The sky is falling, the sky is falling
The Basic Competency Test (BCT) in the mid-1970s was the first of what would become a testing movement that continues today. And, as with today’s standardized state tests, BCT tests elicited panic in teachers who didn’t think the “school groups” could pass the tests.
But the tests were a joke. In fact, I overheard one math teacher say: “Give me two weeks, 2 pounds of bird seed and a grey squirrel with above average dexterity so I can teach him to hold the pencil, and I’ll get him to pass the BCT.”
And, of course, over 95 percent of the “school group” did pass with ease on the first try.
Given the fact that teachers taught their own homegrown less-than-challenging curriculum to “school groups” in New York State at the time it was little wonder the Basic Competency Test was designed with such low standards. Without knowing what was being taught (every teacher had her/his own curriculum), test developers had to allow for a low degree of difficulty.
Meanwhile, the college bound students took Regents exams with a more challenging and structured curriculum and very predictable tests administered in June, August and January.
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Talk about a rebel
With little or no guidance and a groundswell of criticism, English teacher Jim McMahon threw caution to the wind and invested nearly two months of class time preparing for a public presentation of the Broadway play adaptation of Ken Kesey’s novel “One Flew over the Cuckoo’s Nest,” which at the time was a hit movie starring Jack Nicholson. The theme of the movie – rebel with a bad attitude in a mental hospital strikes a blow for humanity – didn’t sit well with some of the faculty room crowd, and I myself was doubtful Jim could pull this off with the motley crew assembled in his “school group” English class. Remember, these were students selected because they couldn’t read and write well enough to be considered candidates for college. And they had to take the BCT test at the end of the year.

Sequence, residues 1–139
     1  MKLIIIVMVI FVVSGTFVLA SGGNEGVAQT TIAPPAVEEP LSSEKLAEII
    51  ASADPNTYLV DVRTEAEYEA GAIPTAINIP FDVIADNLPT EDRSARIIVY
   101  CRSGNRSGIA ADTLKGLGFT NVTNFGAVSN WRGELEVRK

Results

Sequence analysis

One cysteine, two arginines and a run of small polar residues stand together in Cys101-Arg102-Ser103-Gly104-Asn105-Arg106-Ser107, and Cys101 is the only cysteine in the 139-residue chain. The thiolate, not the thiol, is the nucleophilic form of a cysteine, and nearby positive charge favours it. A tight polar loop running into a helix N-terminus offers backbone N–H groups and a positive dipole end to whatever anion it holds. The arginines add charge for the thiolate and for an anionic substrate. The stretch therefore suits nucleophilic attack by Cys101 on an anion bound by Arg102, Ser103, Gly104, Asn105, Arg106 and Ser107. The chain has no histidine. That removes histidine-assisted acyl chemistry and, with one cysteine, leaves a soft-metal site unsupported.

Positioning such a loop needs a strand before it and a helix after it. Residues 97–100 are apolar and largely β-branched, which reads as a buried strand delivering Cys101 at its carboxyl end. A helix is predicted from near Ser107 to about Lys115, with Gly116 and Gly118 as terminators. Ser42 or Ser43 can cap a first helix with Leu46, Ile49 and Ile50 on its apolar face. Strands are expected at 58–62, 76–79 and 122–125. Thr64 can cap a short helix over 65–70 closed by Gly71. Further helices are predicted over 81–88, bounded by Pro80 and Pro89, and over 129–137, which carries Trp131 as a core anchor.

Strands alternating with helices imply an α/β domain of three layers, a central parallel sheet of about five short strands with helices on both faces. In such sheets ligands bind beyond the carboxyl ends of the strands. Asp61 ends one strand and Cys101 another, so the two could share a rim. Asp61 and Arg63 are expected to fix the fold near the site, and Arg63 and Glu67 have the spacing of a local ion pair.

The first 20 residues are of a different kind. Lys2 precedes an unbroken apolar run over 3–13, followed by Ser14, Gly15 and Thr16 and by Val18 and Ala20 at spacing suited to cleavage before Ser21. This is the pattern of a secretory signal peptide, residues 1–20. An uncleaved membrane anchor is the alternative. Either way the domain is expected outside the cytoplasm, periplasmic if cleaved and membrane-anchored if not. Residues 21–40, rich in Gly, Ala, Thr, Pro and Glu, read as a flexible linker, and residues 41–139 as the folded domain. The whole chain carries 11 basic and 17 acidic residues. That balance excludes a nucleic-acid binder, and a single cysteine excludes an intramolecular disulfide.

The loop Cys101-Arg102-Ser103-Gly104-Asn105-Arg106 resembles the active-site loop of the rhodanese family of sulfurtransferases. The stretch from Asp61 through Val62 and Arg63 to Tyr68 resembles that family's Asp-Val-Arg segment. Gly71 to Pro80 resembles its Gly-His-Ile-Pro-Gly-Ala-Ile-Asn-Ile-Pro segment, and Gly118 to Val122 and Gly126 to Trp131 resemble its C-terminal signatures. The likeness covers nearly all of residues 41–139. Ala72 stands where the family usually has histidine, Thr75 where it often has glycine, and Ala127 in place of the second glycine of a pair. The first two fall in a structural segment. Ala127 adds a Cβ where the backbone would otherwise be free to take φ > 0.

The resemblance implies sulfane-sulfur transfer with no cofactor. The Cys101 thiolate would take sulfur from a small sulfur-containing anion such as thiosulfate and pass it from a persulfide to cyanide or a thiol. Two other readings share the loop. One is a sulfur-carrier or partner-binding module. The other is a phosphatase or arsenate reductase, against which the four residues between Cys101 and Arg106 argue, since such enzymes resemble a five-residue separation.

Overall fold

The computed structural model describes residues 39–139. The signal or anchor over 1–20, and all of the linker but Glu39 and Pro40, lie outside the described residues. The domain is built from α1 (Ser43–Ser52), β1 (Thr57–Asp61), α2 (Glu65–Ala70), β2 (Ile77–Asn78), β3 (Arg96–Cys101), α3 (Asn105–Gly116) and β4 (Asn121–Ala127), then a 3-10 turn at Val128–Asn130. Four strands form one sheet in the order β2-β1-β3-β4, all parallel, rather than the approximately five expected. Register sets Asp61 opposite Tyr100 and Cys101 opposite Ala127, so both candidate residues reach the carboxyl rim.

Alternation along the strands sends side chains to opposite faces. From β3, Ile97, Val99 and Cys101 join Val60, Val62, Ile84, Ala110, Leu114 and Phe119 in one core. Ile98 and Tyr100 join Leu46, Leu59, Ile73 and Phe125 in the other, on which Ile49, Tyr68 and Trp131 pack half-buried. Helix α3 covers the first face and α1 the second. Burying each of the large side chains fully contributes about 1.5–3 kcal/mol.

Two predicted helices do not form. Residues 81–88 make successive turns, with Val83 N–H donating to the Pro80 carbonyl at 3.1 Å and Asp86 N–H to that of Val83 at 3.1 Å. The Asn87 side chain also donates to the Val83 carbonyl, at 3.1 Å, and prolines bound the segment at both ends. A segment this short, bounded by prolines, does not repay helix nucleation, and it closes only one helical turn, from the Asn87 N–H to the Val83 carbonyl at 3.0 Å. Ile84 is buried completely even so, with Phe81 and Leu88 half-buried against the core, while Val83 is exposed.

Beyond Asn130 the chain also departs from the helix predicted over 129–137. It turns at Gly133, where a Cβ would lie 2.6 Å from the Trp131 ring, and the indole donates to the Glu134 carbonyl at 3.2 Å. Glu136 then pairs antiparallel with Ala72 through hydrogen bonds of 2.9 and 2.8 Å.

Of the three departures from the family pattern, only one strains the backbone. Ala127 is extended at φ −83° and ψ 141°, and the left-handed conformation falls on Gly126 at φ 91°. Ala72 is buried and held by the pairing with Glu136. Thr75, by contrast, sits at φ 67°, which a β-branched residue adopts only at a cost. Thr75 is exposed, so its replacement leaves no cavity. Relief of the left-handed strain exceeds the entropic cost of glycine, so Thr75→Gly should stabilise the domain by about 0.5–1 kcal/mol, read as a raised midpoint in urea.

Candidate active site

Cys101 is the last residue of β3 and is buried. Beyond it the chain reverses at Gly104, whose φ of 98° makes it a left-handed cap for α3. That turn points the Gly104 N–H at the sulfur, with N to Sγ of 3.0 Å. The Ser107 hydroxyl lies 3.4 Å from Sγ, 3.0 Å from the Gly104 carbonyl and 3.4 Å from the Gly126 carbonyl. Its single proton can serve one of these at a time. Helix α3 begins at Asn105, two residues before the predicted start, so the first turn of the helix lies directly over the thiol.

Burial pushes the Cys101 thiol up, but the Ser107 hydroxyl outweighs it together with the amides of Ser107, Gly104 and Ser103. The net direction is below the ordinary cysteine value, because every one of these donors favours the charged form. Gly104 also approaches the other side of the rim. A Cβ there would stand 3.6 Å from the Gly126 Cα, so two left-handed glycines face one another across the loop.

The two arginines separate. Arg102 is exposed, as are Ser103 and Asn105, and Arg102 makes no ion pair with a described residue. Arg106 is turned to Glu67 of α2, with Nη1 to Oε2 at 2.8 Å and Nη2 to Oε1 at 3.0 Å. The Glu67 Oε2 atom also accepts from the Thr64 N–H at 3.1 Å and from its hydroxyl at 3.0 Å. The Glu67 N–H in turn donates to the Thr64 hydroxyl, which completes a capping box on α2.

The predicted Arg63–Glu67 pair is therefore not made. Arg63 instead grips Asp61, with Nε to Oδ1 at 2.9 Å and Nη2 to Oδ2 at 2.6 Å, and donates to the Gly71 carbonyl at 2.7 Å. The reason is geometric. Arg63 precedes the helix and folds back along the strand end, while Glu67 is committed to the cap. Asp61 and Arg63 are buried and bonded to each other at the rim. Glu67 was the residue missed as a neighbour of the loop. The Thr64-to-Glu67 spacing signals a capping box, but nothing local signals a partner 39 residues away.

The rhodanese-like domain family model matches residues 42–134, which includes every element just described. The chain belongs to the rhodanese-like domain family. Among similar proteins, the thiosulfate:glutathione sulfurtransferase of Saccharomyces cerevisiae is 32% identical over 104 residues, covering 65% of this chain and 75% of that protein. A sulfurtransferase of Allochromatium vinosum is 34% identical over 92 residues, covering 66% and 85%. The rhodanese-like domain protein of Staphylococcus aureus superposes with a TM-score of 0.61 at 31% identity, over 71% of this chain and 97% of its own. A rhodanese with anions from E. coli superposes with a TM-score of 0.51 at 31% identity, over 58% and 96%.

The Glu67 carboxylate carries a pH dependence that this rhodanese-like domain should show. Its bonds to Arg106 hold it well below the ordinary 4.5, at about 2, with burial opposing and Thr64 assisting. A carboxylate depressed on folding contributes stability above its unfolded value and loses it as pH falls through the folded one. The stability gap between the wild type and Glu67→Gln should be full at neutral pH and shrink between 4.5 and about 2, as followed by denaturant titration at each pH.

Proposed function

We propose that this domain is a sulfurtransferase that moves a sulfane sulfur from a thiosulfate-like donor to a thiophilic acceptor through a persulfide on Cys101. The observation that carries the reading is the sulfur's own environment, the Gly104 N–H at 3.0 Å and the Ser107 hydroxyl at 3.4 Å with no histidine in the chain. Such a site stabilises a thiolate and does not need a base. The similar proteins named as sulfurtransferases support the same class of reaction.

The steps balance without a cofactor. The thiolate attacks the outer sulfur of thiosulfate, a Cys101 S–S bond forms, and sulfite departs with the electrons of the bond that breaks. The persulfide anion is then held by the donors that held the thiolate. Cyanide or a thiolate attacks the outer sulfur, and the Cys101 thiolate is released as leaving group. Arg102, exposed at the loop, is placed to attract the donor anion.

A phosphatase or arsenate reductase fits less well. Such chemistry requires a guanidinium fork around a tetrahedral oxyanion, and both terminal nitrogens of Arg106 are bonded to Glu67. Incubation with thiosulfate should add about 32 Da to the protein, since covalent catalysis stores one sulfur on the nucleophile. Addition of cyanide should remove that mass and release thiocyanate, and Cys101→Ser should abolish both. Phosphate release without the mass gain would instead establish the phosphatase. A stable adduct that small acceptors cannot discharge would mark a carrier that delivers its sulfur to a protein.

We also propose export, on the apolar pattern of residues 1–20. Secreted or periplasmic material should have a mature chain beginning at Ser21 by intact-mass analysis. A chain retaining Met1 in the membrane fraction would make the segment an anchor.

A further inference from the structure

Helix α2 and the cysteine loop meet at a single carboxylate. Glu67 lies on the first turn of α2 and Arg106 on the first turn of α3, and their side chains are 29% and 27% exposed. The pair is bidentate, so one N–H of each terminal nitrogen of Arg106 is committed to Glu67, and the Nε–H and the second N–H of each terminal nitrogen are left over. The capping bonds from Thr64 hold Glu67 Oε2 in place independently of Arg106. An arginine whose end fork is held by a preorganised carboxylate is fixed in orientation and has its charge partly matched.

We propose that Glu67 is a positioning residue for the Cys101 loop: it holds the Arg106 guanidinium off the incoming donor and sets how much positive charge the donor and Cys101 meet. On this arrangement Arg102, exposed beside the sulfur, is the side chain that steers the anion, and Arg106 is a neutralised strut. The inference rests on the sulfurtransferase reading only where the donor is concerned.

They also were not drama students and this was a very difficult play for students to perform well.
One particularly sullen, long-haired boy who had been to my office several times would play the lead role of Randle McMurphy. While his personality fit the role, I couldn’t see him being successful with the discipline and teamwork required for the role. (At that time I, like most everyone else in education, was convinced a segment of the school population was not going to succeed for whatever reason.)
A school-wide assembly during the last class period of the day gave Jim’s class a chance to show their stuff to their high school peers with the performance of a single scene from the play as a teaser for the entire play which was to be performed later that evening.